Latest Japan Aerospace Exploration Agency Stories
After being postponed earlier in the week, the Japan Aerospace Exploration Agency Hayabusa-2 space probe successfully lifted off early Wednesday morning local time, officially beginning its six-year mission to collect samples from a distant C-type asteroid known as 1999 JU3.
Spaceflight and JAMSS commercial partnership enables U.S.
Keeping a spare on hand simply makes sense. Just as drivers keep spare tires on hand to replace a flat or blowout, NASA routinely maintains “spares,” too.
Pressure readings from the Tropical Rainfall Measuring Mission's (TRMM) fuel tank on July 8 indicated that the satellite was nearly at the end of its fuel supply. As a result, NASA has ceased maneuvers to keep the satellite at its operating altitude of 402 kilometers (~250 miles).
A NASA high-altitude ER-2 aircraft concluded its participation June 16 in a study aimed at gaining a better understanding of precipitation over mountainous terrain.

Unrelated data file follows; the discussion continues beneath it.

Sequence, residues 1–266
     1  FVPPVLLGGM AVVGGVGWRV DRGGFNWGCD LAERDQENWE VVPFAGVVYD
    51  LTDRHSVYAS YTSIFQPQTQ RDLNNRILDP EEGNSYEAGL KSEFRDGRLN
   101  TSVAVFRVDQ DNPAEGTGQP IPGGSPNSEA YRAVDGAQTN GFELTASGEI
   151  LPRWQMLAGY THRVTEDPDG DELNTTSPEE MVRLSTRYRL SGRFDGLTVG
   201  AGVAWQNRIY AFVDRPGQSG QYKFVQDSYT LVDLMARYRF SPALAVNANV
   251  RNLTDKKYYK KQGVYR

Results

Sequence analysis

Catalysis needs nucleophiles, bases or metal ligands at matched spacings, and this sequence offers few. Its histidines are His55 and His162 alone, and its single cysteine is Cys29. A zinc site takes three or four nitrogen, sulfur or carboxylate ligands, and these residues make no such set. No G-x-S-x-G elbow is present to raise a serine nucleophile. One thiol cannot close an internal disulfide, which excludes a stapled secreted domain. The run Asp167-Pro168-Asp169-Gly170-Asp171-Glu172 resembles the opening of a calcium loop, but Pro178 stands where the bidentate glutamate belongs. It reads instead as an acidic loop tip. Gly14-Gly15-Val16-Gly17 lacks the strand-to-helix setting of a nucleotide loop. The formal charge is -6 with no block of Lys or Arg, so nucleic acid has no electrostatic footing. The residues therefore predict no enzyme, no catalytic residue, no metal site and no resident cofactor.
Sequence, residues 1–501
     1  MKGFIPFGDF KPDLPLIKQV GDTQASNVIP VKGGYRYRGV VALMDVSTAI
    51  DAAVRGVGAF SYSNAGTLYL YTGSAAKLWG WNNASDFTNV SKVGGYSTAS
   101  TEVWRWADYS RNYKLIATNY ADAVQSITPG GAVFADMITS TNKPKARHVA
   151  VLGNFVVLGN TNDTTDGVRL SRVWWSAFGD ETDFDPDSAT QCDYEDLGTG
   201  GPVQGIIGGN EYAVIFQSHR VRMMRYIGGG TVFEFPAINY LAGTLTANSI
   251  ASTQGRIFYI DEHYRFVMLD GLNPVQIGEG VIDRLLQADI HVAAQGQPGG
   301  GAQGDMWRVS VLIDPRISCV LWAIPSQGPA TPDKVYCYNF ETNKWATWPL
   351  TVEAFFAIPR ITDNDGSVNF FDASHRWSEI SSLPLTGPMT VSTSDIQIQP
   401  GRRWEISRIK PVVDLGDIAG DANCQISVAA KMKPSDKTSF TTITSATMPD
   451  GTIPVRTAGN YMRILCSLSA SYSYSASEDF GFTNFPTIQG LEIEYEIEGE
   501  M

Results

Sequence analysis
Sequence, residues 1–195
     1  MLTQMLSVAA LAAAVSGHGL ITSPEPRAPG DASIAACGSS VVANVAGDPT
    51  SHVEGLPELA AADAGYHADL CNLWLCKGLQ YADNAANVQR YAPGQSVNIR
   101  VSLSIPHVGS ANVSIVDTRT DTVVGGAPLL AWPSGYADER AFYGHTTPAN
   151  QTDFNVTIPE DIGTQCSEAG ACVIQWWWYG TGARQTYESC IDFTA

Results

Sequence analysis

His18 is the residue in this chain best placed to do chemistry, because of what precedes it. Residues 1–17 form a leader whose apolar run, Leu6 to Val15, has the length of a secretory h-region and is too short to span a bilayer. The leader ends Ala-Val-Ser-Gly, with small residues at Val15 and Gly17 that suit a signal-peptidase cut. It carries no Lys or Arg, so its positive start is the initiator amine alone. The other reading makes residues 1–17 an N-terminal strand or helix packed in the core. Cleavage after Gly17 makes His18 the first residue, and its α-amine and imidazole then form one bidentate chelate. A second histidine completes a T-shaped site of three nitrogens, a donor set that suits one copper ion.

The new Global Precipitation Measurement Core Observatory satellite is now in the hands of the engineers who will fly the spacecraft and ensure the steady flow of data on rain and snow for the life of the mission.
The first images captured by the newest Earth-observing satellite operated as a joint mission between NASA and JAXA have been released. The images are from the Global Precipitation Measurement Core Observatory, which launched on February 27 of this year.
Flooding is the most frequent and widespread weather-related natural disaster, taking a huge toll in lives and property each year. NASA Earth-observing satellites and airborne missions provide vital information to emergency planners, relief organizations and weather forecasters, helping to improve flood monitoring and forecasting, as well as providing a more comprehensive understanding of one of Mother Nature's most damaging hazards.
- totally perplexed and mixed up.
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